Posted on March 22, 2020 by Stuart Simington
COVID-19 – NSW Government amends planning law to address retail supply constraints
The Minister for Planning and Public Spaces has responded to the COVID-19 pandemic by seeking to address certain planning law impediments to the replenishment of retail stocks in the light of unprecedented demand. State Environmental Planning Policy Amendment (COVID-19 Response) 2020 (SEPP) overrides certain restrictions on restocking and loading activities outside of the business hours permitted by development consents.
The SEPP amends the State Environment Planning Policy (Exempt and Complying Development Codes) 2008 by the inclusion of a new form of exempt development, namely:
The use of retail supply chain premises at any time for the purpose of supplying goods directly or indirectly to retail premises is development specified for this code.
“Retail supply chain premises” are defined as “port facilities“, “warehouse or distribution centres“, and “retail premises“.
The permitted exempt development may be carried out “at any time” subject to the following standards:
- there being a development consent for use as a retail supply chain premise;
- compliance with all conditions of consent for the use of those premises other than those conditions that restrict hours of operation,or the frequency or movement of vehicles; and
- taking steps to reduce noise when operating outside of the relevant conditions.
The amendments are currently set to be automatically repealed on 1 October 2020.
In a statement released on 20 March 2020, the Minister stated that “[t]he SEPP makes clear that truck deliveries are able to supply shops and retailers with essential goods at all times“.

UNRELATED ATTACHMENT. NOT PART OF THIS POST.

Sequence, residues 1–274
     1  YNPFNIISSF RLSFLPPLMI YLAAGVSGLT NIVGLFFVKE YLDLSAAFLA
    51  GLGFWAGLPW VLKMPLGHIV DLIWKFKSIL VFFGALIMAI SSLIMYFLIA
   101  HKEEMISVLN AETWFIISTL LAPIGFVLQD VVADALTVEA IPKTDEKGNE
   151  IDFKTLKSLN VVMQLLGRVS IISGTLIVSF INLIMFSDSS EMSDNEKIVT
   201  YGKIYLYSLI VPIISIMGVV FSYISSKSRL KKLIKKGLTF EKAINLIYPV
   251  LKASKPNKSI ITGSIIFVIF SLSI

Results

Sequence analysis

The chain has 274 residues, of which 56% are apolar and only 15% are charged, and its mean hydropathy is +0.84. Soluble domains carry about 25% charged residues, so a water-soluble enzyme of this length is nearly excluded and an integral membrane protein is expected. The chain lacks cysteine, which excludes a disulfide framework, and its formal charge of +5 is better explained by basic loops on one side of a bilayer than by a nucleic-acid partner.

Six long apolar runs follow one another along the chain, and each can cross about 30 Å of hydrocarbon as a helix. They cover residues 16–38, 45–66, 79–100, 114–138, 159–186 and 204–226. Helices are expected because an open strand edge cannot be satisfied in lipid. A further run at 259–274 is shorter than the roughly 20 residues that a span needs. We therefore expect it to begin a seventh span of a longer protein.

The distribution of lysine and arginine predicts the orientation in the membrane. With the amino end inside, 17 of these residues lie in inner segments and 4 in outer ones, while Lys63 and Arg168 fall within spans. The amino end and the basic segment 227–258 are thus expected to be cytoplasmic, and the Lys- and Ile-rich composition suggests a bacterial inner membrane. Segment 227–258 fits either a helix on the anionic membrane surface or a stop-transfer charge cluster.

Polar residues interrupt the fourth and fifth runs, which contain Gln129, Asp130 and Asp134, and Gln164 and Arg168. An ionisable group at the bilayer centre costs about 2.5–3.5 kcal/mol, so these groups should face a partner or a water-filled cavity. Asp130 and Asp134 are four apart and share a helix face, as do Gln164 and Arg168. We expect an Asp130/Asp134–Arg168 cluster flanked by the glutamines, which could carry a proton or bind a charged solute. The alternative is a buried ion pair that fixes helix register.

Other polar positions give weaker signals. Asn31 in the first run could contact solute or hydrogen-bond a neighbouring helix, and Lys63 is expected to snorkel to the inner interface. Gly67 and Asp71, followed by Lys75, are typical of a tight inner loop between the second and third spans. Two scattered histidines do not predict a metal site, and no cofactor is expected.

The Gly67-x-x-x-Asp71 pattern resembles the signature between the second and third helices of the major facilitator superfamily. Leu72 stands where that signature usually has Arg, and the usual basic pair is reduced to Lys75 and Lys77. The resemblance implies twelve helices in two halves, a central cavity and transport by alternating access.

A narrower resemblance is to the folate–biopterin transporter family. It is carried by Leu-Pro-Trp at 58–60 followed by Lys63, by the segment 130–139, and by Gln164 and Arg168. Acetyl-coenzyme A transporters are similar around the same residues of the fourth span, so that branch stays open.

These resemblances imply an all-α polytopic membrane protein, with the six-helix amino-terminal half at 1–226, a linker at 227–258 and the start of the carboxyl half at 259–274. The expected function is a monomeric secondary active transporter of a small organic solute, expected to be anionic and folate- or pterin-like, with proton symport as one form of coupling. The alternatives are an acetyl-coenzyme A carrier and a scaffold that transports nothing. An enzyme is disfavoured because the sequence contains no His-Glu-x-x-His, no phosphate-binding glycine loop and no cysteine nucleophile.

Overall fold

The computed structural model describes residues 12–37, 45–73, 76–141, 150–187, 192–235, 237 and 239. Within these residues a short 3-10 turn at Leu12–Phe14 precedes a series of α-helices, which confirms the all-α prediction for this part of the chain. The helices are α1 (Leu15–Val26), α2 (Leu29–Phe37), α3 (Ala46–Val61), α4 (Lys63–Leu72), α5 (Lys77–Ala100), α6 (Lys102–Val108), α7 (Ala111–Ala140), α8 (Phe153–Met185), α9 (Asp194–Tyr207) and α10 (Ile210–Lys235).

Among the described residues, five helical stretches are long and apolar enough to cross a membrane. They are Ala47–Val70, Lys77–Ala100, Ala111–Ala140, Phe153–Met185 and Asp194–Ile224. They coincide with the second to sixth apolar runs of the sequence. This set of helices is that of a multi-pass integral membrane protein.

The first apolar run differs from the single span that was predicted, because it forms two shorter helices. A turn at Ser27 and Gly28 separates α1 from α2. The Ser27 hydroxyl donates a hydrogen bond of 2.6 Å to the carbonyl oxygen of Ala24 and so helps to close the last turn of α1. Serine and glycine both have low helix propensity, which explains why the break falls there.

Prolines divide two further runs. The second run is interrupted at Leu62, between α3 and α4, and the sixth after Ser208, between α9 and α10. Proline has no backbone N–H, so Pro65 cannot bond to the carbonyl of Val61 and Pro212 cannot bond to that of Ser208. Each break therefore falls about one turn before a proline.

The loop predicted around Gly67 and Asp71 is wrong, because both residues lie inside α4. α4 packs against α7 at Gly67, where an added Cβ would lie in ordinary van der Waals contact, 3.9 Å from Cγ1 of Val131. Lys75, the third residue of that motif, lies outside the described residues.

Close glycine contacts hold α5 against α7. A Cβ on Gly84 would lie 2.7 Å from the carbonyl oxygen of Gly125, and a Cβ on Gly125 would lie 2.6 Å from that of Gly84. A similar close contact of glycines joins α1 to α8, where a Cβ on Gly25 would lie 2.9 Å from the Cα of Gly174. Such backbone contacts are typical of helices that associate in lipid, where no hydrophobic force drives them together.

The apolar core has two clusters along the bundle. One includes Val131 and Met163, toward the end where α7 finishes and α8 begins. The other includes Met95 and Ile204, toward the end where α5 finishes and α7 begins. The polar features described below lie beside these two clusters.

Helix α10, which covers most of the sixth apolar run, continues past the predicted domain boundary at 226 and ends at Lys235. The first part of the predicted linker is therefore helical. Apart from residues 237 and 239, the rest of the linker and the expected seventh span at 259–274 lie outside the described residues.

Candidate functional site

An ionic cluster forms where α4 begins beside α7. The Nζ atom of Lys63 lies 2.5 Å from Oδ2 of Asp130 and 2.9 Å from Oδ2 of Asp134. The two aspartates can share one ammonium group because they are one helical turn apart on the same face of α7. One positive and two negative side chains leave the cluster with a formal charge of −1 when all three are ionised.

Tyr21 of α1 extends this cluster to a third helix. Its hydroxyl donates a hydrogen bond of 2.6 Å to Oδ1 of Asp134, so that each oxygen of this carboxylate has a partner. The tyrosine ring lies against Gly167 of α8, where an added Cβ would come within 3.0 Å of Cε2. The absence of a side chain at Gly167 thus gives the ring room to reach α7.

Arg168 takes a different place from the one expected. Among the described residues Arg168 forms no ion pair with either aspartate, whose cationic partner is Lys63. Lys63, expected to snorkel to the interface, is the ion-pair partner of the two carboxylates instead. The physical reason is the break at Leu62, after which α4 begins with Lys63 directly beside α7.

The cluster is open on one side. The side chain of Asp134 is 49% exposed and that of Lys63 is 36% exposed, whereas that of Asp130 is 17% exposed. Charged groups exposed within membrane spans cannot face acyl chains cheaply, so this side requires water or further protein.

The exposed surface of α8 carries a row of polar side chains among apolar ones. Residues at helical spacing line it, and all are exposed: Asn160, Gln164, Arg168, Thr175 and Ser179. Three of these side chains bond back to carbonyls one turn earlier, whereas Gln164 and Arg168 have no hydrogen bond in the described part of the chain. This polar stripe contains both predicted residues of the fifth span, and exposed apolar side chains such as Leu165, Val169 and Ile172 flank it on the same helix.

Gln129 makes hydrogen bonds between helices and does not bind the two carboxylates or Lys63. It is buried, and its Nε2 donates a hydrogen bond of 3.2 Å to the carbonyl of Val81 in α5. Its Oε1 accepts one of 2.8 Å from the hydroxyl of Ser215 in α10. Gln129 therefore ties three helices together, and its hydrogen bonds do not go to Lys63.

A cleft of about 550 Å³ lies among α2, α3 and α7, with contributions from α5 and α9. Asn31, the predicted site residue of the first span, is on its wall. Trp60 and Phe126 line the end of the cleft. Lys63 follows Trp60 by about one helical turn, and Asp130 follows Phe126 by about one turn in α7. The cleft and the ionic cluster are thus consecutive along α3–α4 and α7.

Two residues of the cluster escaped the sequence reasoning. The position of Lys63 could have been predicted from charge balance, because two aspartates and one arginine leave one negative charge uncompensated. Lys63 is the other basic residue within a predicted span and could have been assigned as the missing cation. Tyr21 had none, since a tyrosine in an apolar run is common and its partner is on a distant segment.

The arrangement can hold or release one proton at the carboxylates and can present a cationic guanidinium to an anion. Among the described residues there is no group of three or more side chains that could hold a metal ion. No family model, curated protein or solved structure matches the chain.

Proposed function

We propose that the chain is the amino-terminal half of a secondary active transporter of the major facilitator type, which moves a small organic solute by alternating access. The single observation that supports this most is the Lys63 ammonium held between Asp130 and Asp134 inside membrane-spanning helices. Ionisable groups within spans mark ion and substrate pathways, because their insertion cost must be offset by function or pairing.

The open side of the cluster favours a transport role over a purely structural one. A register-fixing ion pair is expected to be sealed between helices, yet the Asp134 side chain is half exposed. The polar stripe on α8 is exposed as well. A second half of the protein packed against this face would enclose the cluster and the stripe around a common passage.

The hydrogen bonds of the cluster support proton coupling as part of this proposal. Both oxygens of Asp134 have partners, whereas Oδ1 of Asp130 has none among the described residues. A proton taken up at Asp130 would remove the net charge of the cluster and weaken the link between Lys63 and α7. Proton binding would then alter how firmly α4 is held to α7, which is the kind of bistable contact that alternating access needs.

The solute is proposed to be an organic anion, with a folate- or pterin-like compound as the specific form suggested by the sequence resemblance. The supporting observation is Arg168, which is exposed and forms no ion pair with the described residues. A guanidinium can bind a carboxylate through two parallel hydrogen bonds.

While the intention of the amendment is clearly laudable in the current emergency, there remain questions whether the SEPP achieves the intention.
The exempted development focuses on the use of the premises from which goods are sourced rather than the premises on which goods are to be replenished. This seems to leave any loading restrictions applicable to the premises being replenished unaffected. In other words, the purpose of the development to which the amended SEPP applies being “supplying goods directly or indirectly to retail premises” seems to exclude the ability of the retail premises to receive the goods where the consent for those premises restricts same at certain hours.
In that regard, however, the Minister has also published a ‘message’ (apparently not legally enforceable) directing councils to be flexible and pragmatic as regards enforcement and compliance action:
The pandemic is creating new challenges that require changes in peoples’ behaviour. This is disrupting the way businesses and service providers ordinarily operate.
For instance, over the past week some retailers, supermarkets and other businesses are struggling to meet the unprecedented consumer demand we are experiencing. Restrictions on delivery times and truck movements in development consents are exacerbating this situation by limiting retailers’ ability to respond to community needs.
Councils across the State are to support communities through this period by adopting a flexible and pragmatic approach to enforcement and compliance action during the period while any Orders under the Public Health Act 2010 to deal with public health risk of COVID-19 apply. This includes taking appropriate and necessary measures to respond to the issues arising in these exceptional circumstances including:
- Relaxing time restrictions and movement caps for deliveries in existing development consents for retailers such as supermarkets and other key service providers;
- Relaxing restrictions on the use of footpaths for food premises to facilitate effective social distancing of patrons. [our emphasis]
The SEPP as gazetted can be found here and the Minister’s message can be found here.
If you wish to discuss this post or the issues discussed, please contact Stuart Simington on 8235 9704 or James Fan on 8235 9706.